Financial Planning: A New Mindset

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“Isn’t financial planning a dying profession?”

A first-year undergraduate student majoring in Financial Planning approached me after class one day and asked what he thought was a very simple question – “What’s the difference between a financial planner and a financial advisor?” Simple answer? Not really. 

As I was working to establish a CFP Board Registered Program at a university, an administrator asked me the following few questions as part of his vetting process: “Isn’t financial planning a dying profession?” “Don’t robots already do financial planning?” “Who is going to hire a 23- year-old financial planner to help them with their finances?” These came from a smart individual who had a strong record of professional success. What was he talking about? 

I was speaking with a long-distance friend the other day who told me, “I’m sure glad that my financial planner doesn’t charge me a fee each time we meet but, instead, she only takes a very small percentage from returns on the investments I have with her.” Did this financial planner appropriately disclose compensation methods? I am sure she did. Did this friend understand the true cost of what he was paying for financial planning services? Obviously not. 

“We don’t trust you.”

Several years ago, I was at an annual conference for a large financial planning organization. The conference organizers planned an innovative and unique keynote session where they invited a panel of strangers gathered randomly and spontaneously from off the streets outside of the meeting venue. This group of individuals was diverse and clearly represented many demographic and socioeconomic classes. They were asked a variety of questions about their need for financial advice and desire for help with the money management tasks of life. It was evident that this group was readily willing to admit their lack of financial knowledge and self-efficacy when it came to money-related topics and behaviors.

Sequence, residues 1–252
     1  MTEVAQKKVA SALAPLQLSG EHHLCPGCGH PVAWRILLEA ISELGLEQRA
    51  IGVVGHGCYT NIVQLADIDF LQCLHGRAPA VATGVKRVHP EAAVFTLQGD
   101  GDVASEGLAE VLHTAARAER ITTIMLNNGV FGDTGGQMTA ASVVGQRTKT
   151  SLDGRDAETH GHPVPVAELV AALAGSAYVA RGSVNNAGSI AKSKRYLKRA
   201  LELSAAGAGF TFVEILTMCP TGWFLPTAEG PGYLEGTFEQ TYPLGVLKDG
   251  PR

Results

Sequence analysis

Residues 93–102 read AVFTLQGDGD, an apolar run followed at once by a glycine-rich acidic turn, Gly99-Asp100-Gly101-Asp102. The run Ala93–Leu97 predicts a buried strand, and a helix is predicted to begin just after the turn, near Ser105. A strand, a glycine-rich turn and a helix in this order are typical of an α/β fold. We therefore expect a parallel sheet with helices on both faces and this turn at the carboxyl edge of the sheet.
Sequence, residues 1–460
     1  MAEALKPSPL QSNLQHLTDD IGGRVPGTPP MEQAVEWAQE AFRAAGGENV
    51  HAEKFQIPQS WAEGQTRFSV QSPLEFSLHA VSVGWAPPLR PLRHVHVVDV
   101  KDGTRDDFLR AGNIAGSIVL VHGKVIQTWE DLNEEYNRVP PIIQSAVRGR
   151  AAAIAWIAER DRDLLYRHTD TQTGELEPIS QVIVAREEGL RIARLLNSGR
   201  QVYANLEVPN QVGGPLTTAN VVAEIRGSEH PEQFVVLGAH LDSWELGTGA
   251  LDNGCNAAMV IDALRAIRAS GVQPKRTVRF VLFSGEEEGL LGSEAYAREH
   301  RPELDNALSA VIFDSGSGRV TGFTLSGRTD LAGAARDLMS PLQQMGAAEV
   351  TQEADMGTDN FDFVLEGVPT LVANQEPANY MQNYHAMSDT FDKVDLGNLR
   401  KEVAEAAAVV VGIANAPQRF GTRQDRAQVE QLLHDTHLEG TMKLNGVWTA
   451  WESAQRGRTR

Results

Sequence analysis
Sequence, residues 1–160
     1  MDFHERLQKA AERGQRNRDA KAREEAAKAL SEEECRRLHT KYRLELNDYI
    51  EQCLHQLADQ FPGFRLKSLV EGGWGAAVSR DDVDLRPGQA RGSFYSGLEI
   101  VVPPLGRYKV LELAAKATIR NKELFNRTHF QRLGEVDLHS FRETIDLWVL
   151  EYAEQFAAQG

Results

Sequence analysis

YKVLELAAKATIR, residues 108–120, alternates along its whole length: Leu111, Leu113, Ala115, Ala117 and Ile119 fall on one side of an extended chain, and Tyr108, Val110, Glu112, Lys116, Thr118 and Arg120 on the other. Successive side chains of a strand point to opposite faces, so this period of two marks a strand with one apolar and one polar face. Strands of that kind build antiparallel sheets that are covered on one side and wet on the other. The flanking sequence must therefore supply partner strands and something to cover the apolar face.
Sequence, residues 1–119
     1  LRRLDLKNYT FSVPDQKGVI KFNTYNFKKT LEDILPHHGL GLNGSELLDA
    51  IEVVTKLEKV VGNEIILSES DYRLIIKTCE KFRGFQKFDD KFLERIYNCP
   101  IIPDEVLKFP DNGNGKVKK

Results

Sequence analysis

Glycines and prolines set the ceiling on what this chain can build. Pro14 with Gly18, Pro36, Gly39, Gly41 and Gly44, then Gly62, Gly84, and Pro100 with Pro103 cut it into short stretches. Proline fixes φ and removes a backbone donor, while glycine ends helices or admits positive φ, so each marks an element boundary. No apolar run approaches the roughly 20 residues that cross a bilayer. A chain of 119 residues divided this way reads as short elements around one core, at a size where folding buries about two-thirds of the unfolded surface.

Then came the curve ball. The panel was told that the room of people (nearly one thousand) who were in front of them were all financial professionals. They were asked another simple question – “Would you hire any of these individuals to help you with your personal finances?” Every one of the panelists said “no!” When asked why, they all said in their own words a message that sounded like “we don’t trust you.” Did these individuals need help managing their financial decisions? You bet. Were they looking to the financial planning industry to fill that role? No. Before you dismiss this as a case of non-target-audience identity for financial planning services, let me introduce you to another conversation. 

“I can’t get objective advice anywhere!”

Recently, I found myself in a conversation with the leader of a local company. He had come to our financial planning firm as a prospective client for planning services. Given the fact that he had been affluent for a significant number of years and was nearing the latter part of his working years, I inquired about his experiences with financial planning in the past and what brought him to our company. His answer was firm and without deliberation – “I can’t get objective advice anywhere!” Was this individual the ideal financial planning client? Pretty much. Why is it so hard to get objective advice? 

So, what is the difference between a financial planner and a financial advisor?